Celebrating 60 years of the Dutch JPO Programme: Seven pieces of advice for aspiring young professionals to clinch a highly coveted position with the UN

Celebrating 60 years of the Dutch JPO Programme: Seven pieces of advice for aspiring young professionals to clinch a highly coveted position with the UN

 Faisal Yousaf is a strategy and planning expert who has worked in various programme management, planning, and partnership building roles with international organisations including the UN in Pakistan, Mozambique, Tanzania, Sudan, New York, and Germany. He is currently based in Stockholm, Sweden. He holds a distinction of being a former Dutch-funded developing country JPO with UNICEF in Sudan. Faisal is currently enrolled in Future Leaders Programme for Fundraising in the UK. You may reproduce, share, or republish this article. Follow Faisal on Twitter: @Faisalswe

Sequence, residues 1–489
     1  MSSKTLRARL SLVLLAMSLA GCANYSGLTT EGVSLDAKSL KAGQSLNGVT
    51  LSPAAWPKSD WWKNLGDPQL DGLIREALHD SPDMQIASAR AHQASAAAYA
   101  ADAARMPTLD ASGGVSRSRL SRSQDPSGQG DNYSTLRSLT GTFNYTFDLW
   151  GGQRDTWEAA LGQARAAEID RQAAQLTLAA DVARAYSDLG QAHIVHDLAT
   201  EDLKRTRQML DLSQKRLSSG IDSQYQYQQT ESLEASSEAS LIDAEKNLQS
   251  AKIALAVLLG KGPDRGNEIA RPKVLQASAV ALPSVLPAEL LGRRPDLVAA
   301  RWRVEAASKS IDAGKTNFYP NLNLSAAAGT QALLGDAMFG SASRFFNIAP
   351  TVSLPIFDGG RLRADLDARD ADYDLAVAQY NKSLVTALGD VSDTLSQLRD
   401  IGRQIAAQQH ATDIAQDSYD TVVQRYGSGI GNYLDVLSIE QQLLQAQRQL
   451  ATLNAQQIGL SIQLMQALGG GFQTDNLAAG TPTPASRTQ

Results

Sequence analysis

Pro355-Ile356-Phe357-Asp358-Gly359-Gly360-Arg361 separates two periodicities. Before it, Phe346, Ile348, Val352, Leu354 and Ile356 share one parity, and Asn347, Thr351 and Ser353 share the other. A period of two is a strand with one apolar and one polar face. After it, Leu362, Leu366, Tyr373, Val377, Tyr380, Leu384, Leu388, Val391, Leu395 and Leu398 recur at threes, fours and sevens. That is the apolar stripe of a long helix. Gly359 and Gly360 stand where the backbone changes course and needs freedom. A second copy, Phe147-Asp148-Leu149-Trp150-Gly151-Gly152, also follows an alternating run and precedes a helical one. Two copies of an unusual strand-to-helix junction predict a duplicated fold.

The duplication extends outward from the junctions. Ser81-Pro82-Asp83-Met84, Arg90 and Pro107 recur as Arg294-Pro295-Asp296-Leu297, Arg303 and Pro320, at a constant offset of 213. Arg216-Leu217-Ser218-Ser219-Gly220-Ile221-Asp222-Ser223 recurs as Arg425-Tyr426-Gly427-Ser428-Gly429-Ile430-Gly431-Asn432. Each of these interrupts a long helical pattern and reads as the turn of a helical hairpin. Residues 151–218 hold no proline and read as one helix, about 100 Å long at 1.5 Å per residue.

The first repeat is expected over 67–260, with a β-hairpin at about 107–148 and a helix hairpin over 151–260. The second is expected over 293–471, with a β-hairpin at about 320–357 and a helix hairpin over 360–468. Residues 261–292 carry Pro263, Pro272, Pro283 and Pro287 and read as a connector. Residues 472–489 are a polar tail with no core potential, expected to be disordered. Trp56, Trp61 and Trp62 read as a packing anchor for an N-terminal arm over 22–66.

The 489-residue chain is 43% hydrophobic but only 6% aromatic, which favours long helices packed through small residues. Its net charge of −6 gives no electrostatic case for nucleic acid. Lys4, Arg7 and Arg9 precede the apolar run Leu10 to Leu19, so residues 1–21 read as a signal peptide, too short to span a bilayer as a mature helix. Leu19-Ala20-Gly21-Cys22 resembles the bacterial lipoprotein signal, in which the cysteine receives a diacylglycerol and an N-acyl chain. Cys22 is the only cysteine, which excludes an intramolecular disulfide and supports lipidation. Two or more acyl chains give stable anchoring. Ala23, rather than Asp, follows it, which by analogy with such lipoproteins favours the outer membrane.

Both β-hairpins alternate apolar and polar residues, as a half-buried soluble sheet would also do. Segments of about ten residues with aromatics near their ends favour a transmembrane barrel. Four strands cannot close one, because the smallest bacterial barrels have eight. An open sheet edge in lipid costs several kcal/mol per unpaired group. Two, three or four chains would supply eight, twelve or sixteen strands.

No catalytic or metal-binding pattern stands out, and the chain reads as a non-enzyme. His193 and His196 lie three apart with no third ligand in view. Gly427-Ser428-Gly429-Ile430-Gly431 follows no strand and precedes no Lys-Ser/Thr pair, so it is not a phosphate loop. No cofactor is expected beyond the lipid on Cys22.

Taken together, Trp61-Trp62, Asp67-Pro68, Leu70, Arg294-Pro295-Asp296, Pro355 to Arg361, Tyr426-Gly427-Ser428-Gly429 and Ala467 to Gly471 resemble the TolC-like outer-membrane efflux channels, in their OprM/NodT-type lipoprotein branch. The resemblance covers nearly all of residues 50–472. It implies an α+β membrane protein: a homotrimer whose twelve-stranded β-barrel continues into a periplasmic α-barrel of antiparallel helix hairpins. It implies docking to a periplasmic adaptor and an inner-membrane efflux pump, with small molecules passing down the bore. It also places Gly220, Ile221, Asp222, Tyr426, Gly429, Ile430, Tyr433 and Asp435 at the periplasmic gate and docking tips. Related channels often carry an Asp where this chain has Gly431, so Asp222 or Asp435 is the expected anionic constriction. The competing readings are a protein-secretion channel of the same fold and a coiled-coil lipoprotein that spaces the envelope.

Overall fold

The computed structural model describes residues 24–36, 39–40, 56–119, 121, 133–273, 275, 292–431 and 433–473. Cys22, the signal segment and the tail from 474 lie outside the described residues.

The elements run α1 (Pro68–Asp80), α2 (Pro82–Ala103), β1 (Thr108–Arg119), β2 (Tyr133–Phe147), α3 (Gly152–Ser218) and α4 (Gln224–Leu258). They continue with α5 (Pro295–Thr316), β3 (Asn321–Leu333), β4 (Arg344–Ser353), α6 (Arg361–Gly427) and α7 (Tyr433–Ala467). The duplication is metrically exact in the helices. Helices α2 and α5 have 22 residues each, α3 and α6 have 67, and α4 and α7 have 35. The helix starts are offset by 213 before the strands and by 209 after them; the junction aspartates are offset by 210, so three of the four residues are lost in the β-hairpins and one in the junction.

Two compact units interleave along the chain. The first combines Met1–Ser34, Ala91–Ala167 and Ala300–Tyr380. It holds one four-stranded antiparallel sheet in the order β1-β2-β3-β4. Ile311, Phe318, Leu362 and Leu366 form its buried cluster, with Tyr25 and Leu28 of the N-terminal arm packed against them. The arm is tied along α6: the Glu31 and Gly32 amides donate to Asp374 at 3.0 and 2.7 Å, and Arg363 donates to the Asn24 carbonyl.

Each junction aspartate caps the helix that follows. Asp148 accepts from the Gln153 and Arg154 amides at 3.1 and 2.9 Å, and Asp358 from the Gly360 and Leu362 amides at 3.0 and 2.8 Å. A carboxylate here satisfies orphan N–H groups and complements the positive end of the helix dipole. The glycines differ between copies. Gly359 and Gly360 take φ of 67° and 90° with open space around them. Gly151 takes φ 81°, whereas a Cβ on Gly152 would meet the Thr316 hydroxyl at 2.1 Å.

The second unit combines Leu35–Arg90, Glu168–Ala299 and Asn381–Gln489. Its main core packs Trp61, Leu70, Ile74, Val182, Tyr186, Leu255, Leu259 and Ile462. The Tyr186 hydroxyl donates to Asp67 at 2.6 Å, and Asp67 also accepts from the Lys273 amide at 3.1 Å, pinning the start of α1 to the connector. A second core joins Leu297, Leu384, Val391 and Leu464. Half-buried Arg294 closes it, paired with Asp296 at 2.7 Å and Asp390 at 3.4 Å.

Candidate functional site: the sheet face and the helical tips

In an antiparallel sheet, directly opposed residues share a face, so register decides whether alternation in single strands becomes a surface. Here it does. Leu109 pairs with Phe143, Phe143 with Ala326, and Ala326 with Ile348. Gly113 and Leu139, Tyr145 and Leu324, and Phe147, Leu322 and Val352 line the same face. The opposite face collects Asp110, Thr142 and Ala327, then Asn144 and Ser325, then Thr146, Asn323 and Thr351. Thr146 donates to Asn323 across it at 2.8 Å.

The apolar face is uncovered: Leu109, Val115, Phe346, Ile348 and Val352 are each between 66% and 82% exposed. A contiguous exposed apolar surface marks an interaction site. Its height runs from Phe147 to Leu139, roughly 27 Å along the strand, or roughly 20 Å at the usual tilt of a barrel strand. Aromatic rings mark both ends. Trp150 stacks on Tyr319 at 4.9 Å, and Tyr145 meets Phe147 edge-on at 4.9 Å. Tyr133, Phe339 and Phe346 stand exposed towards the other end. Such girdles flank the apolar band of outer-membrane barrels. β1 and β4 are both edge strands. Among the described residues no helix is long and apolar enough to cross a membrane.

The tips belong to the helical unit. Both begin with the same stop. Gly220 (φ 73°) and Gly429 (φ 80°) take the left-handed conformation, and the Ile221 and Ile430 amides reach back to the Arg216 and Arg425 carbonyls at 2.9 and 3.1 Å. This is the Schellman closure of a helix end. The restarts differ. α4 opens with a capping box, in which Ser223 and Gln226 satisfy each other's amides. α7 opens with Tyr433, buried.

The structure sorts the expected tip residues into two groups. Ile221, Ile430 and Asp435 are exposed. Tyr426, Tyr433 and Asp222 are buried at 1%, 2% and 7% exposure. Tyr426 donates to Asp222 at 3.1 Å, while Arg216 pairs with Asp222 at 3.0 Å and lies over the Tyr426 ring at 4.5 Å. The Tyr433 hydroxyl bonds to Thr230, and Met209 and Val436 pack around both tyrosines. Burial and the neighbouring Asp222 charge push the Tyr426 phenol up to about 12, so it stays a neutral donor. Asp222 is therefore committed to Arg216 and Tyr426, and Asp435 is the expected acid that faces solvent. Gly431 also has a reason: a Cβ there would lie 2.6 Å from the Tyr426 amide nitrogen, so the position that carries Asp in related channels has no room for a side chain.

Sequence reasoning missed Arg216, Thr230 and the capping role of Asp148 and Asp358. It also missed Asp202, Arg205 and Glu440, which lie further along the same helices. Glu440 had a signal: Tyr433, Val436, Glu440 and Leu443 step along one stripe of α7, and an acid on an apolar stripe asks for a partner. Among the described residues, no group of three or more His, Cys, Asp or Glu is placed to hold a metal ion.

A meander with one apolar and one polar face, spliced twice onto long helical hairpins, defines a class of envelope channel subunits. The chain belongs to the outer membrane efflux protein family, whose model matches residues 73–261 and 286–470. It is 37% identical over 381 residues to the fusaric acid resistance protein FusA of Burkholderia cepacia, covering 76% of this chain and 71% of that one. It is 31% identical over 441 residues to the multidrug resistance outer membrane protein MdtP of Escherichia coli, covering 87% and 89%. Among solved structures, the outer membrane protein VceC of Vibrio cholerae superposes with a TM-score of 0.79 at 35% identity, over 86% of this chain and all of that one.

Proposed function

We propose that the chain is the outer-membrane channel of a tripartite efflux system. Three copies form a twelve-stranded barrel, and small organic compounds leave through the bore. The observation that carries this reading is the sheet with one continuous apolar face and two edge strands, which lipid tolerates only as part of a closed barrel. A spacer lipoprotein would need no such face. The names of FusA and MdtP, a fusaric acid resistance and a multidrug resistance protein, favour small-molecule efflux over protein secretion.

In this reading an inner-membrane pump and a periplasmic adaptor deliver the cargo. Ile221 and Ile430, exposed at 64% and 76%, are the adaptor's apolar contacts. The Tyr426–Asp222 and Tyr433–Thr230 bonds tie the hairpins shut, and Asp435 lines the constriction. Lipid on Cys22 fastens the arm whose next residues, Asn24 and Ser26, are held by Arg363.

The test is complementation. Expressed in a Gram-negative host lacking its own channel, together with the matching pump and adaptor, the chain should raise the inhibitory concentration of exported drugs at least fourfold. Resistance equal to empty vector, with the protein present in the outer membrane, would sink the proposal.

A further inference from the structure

First, I must thank Hans van Poeteren, from the Dutch Ministry of Foreign Affairs, for motivating me to write this post and share my experience, as a Junior Professional Officer (JPO), with other aspiring young professionals, both from the Netherlands and from the eligible 60 plus developing countries, who can apply for Dutch-funded JPO positions within the UN system and other international organisations.  

The year 2014 will mark 60 years of the establishment of generous Associate Expert/JPO programme funded by the government of the Netherlands. As a beneficiary of one of its kind Dutch JPO programme, I think this is a true manifestation of people to people development cooperation in the international affairs arena, absolutely unparalleled by any other donor country. So thank you, the big-hearted people of the Netherlands, for your unflinching support to this programme over the last 60 years.

This post is also timely for all those who are considering applying for soon to be advertised JPO positions in 2014.